Ms. Magazine

The Private Life and Natural Feminism of Sally Ride

When astronaut/physicist Sally Ride passed away in 2012, her obituary revealed for the first time publicly that she was a lesbian. In the recently published biography, Sally Ride: America’s First Woman in Space, Lynn Sherr fills out the story of this American hero, who worked tirelessly during her lifetime to encourage girls and boys to stick with their interests in science and to pursue careers in science, technology, engineering and math (STEM) fields. Ride also fiercely guarded her privacy, because she worried that coming out would jeopardize her ability to do good in the world.
Ms. Magazine

A New DIY Movement: #SmartFeministsofTwitter

Best-of lists are always controversy magnets. By definition, they elevate some at the expense of others. Earlier this week, when Fast Company published a list, compiled by Ann Charles, of “25 of the Smartest Women on Twitter” that failed to include a single woman of color, the Twittersphere responded immediately. Within a day, the hashtag #SmartBlackWomenofTwitter, created by @FeministaJones, trended, and additional hashtags sprung up in its wake.
Ms. Magazine

40 Years of PFLAG: Thank You, Jeanne Manford!

At LGBT Pride parades around the country, the queer community always puts on a show. Rainbows, glitter, big hair, fabulous costumes, leather, dykes on bikes and partial nudity—pretty much anything goes, as participants let their freak flags fly. But the most beloved contingent of Pride marchers is seldom flamboyant. In fact, they often stand out by looking so completely ordinary, like central casting’s view of middle America. Members of PFLAG (Parents, Families, and Friends of Lesbians and Gays), carry signs that say things like, “I Love My Lesbian Daughter” and “My Pride is My Gay Child.” When they march by, people along the parade route cheer, applaud and openly weep.
Ms. Magazine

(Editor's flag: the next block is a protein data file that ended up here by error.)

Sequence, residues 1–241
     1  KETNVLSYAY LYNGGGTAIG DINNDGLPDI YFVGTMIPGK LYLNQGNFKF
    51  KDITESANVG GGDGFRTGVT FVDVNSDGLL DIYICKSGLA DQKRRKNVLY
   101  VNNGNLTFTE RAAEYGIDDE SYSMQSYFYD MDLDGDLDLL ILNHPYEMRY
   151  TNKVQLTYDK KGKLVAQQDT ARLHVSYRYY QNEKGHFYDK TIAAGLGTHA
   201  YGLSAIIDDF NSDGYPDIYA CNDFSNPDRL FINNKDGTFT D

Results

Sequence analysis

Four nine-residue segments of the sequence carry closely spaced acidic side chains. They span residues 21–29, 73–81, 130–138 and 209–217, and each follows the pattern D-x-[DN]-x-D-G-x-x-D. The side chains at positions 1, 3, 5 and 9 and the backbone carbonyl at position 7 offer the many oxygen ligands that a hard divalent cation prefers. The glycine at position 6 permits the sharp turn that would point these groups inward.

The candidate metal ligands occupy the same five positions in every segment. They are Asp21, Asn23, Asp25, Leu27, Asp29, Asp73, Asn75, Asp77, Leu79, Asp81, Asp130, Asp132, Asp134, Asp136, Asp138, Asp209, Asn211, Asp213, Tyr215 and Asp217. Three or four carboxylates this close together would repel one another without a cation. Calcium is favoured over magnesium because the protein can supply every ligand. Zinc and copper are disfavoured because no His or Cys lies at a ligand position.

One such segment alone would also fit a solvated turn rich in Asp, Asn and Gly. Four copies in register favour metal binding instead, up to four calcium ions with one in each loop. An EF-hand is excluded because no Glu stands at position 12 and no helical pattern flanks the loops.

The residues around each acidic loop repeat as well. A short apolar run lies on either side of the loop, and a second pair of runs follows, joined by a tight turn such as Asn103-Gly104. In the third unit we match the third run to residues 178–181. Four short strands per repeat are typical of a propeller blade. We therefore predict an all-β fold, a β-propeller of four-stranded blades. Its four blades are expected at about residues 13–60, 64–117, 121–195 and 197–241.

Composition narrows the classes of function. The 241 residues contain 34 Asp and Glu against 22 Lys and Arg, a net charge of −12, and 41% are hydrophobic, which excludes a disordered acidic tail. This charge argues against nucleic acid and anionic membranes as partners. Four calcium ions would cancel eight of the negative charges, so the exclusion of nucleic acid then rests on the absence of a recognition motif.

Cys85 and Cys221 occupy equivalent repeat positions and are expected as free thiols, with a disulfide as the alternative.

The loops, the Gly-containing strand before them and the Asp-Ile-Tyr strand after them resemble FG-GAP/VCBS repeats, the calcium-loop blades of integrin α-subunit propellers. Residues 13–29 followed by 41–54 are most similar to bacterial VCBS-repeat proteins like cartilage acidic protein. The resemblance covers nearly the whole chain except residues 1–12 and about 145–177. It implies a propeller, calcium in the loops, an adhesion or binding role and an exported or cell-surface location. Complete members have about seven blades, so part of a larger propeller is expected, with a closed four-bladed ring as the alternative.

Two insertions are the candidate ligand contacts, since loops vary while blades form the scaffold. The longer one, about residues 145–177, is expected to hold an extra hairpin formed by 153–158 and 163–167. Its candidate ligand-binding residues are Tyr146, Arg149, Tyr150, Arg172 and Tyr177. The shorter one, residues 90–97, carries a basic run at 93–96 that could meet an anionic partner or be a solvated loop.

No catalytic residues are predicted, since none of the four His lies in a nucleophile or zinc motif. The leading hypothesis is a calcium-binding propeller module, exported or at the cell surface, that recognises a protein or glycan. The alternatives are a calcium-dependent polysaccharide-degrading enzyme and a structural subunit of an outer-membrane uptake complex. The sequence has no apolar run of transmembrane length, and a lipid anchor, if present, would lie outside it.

Live from Netroots Nation 2012: All the Feminism That’s Fit To Stream

Progressive online journalists and politicians will gather this weekend in Providence, R.I., for the seventh annual Netroots Nation conference. With sessions on blogging, social networking and strategizing, Netroots is the politics geek’s equivalent of Comic-Con—minus the crazy costumes. Leftist luminaries are always in attendance; among this year’s main attractions are Paul Krugman, Elizabeth Warren and Van Jones.
Ms. Magazine

Lizz Winstead Takes Brainy Satire Beyond The Daily Show

Lizz Winstead is a household name for millions who’ve never even heard of her. At the end of each episode of The Daily Show, right after the “Moment of Zen” and at the conclusion of the credits, her name flashes by, like a subliminal advertisement for women’s genius: In her new book, Lizz Free or Die, Winstead recounts the beginnings of the show that Jon Stewart would make famous, telling how she found her calling as a political satirist in the 24-hour news/reality TV world of the 1990s and early 2000s
Ms. Magazine

We Heart: “Nerdy Misanthrope” Using His Art to Aid Cheerleader

If you’ve been following the case of Texas cheerleader Hillaire S., who was assaulted at a party by star athlete Rakheem Bolton and then kicked off the cheerleading squad for refusing to chant, “two, four, six, eight, ten, come on Rakheem, put it in” (see the Ms. Blog coverage of the case here, here, here, and here), then you’re probably outraged by the way this story evolved. After Hillaire’s parents lost the lawsuit they brought against the school for insisting that their daughter cheer for the man who assaulted her, they were ordered to pay $35,000 to the school to cover the legal expenses of the trial.
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